Audiobooks RMD
...coming in my ears
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Over the past few months I have been ravenously devouring the Dresden Files audiobooks during my drive to work and back home. I've just started the last one and need new recommendations (despite my current temporary bus wanker status).

Any suggestions? I warn thee, I have been spoilt by James Marsters' awesome Dresden portrayal and the pretty good reader of the latest Fitz the Assassin book. I need quality stuffs.
I think I've only listened to one adult audiobook, and that was I Alan Partridge. Which was truly excellent, and fairly exceptional given it's read in character.

Other than that, we're listening to a lot of the Roald Dahl stories. Brilliant, but not what you're after unless you have kids in the car.

HTH!
Grim... wrote:
Serial?

Radio's got USB or bluetooth
I'll second the Partridge audio book. Superb.
Grim... wrote:

Ah, I see. And I was joking ;)
It's not strictly an audio book, more of an play but the audio book of "World War Z" is excellent, including the vocal talents of Alan Alda, Nathan Fillion, Mark Hammill and Henry Rollins
Morte wrote:
It's not strictly an audio book, more of an play but the audio book of "World War Z" is excellent, including the vocal talents of Alan Alda, Nathan Fillion, Mark Hammill and Henry Rollins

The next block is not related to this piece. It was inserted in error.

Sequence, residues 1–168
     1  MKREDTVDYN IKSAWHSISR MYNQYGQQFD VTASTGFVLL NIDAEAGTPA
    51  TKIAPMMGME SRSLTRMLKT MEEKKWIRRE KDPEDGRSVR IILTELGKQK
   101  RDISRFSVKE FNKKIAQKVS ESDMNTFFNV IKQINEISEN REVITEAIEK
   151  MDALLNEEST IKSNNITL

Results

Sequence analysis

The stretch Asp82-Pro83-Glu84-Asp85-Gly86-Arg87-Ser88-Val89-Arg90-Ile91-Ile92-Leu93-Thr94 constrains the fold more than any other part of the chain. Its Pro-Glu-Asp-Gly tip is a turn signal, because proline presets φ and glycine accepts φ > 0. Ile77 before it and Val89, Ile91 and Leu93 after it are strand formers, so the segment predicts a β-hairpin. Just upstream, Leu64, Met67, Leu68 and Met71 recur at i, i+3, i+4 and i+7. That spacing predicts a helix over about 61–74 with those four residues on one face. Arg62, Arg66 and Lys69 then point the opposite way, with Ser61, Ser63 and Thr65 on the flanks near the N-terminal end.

I'll check it out, ta.
I don't know if you would like them but I love
PG Wodehouse audiobooks read by Jonathan Cecil (particularly Jeeves and Wooster books and uncle fred books)
Dr Who audiobooks read by David Tennant (not (just) because he's my fav doctor, but because he does all different voices for the characters)
Hitchhikers guide read by Douglas Adams (short but lovely)
miki wrote:
Hitchhikers guide read by Douglas Adams (short but lovely)


I do much prefer the radio series but anything by Adams is great (and his voice really works for all the different characters).
There are also radio series of the later books (Dirk Maggs put those out and they have the Adams audio from his readings as Agrajag) , while we're on the subject of Radio plays the Neil Gaiman BBC stuff like Good Omens / Neverwhere are also worth a listen.

My other go to for this would be anything Discworld , the early ones are mainly read by Nigel Planer (who does a very good Rincewind) but the later ones are all by Stephen Briggs (who adapted a number of the books for the stage).
thanks zaphod, I will also look for those :)
Discworld!

Of course!
Discworld. I was listening to The Light Fantastic this morning and the Shopkeeper has a stereotypical 'jewish' accent. Awkward.
DavPaz wrote:
Discworld. I was listening to The Light Fantastic this morning and the Shopkeeper has a stereotypical 'jewish' accent. Awkward.

:facepalm:
The Audio version of it will have been recorded not that long after the book (I remember having it from our local library on something like 12 cassettes and then taking them on long journeys) - so it will easily be 25+ years old.

Hmmm - the only thing I can find about date is the info here :

http://www.audiofilemagazine.com/reviews/read/3811/

Which has it as 1997 but i'm assuming thats the CD version and the cassette stuff pre-dates that.